Instead of defeat, the death of Christ was the grandest and most complete victory the Son of God had ever won. Evidences of that triumph began to follow each other in rapid succession. Even before He died, supernatural darkness spread over the land. Then when the Savior cried aloud, “It is finished,” the earth quaked and the rocks rent like an old garment when it is torn by a mighty hand.

Then Joseph and Nicodemus came and gave Him the burial of a king. With all their hate and exasperation, the priests and elders of the Jews were not able to hinder the loving service to Him of these two Sanhedrin counsellors. The consternation of the Jewish leaders must have resembled that of Haman of old when he had to walk the streets of Shushan with Mordecai, the man he hated, riding on the king’s mule and he crying, “Thus shall it be done to the man whom the king delighteth to honor.” In the end Haman died on the very gallows he built for the man he despised and hated.

It was exactly so in this case. Both the devil and the servants he employed to hasten the Christ of God to a malefactor’s cross shall find in that cross their eternal undoing and destruction.

It is written in the Scriptures of the victory of Calvary:

“Forasmuch as the children are partakers of flesh and blood, He also Himself likewise took part of the same; that through death He might destroy him that had the power of death, that is the devil; and deliver them who through fear of death were all their lifetime subject to bondage” (Heb. 2:14, 15).

Before the death and resurrection of Christ, death seems to have been like a walled city with gates and bars, and with the devil holding the keys of that city. No one had been able to break that stronghold. “The power of death” was in the hand of the devil.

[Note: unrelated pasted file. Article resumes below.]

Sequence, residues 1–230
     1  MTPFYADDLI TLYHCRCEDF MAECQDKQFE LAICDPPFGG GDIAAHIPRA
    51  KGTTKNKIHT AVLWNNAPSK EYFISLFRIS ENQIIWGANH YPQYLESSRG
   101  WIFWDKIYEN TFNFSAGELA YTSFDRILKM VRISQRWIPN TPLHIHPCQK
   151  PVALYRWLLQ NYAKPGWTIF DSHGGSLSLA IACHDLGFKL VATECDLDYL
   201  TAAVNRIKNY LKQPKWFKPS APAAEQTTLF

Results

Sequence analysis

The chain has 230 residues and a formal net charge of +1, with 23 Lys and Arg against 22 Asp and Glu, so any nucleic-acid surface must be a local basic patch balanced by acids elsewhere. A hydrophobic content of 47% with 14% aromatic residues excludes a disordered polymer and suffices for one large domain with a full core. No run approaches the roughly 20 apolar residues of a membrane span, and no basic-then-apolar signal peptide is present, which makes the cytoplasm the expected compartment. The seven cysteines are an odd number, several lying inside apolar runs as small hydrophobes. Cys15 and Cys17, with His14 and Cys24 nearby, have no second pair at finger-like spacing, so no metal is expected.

Our Lord was “crucified through weakness” (2 Cor. 13:4); it was the love and obedience of the Lord Jesus that held Him a dying Savior to the cross. In those dread hours the devil and men did their worst to Him. There was no restraint upon the hatred and cruelties of wicked men. God in heaven left Christ alone to die. He did not come down from the cross, though priests and malefactors challenged Him to do so. They all concluded He was not the Son of God, and that He could not come down. The devil knew well who He was, but in his consummate pride, he imagined that he had the Prince of Life entirely in his power. Satan felt like the Philistine Gazites when Samson, the mighty man of Israel, was in their walled city with its gates and bars (Judges 16:2, 3). They said, “In the morning when it is day, we shall kill him” (Judges 16:2). The Philistines never dreamed there was the possibility of their prisoner escaping in the night time. The mighty Samson lifted gates, bars, posts and all on his powerful shoulders and carried them to the top of a hill that “is before Hebron.” Hebron was the place where Caleb dispossessed the Anakims, and where later David was crowned king.

Our Lord entered the devil’s stronghold when He entered death. Satan discovered that He who seemed so helpless on the cross was the “Lord strong and mighty” when He passed into the nether regions. “Through death He destroyed him that had the power of death.” The devil was spoiled of all his weapons and armor. When, in resurrection, our Lord came out of the city of death, He carried gates, bars, posts and all to the top of a hill. All the powers of darkness will never be able to carry them back again. Like Gaza, after Samson’s humbling of her pride, death after the victory of our Redeemer was left without its gates of brass and without its bars of iron. The keys of hell and of death were in the hands of the Lord Jesus when He spoke to John in resurrection: “I am he that liveth, and was dead; and behold, I am alive for evermore, Amen; and have the keys of hell and of death” (Rev. 1:18).

The death of the Lord Jesus was a glorious victory. He “spoiled principalities and powers, He made a show of them openly, triumphing over them in it” (Col. 2:15). When prophets or kings died, their work was done, but the evidences of the invincible might of our Lord were never manifest till then in all their conquering and delivering power. It was noticed by the Rabbis long ago, and it baffled their understanding, that most of the glorious deeds of Messiah recorded in Isaiah 53 come after the mentioning of His death in verse 10. How could He “see His seed?” How could He “prolong His days?” How could “the pleasure of the Lord prosper in His hand” after His death? How could He “see of the travail of His soul and be satisfied?” How could He “divide the spoil with the strong,” after He had died? It was a problem without a solution to those who rejected the death and resurrection of Messiah.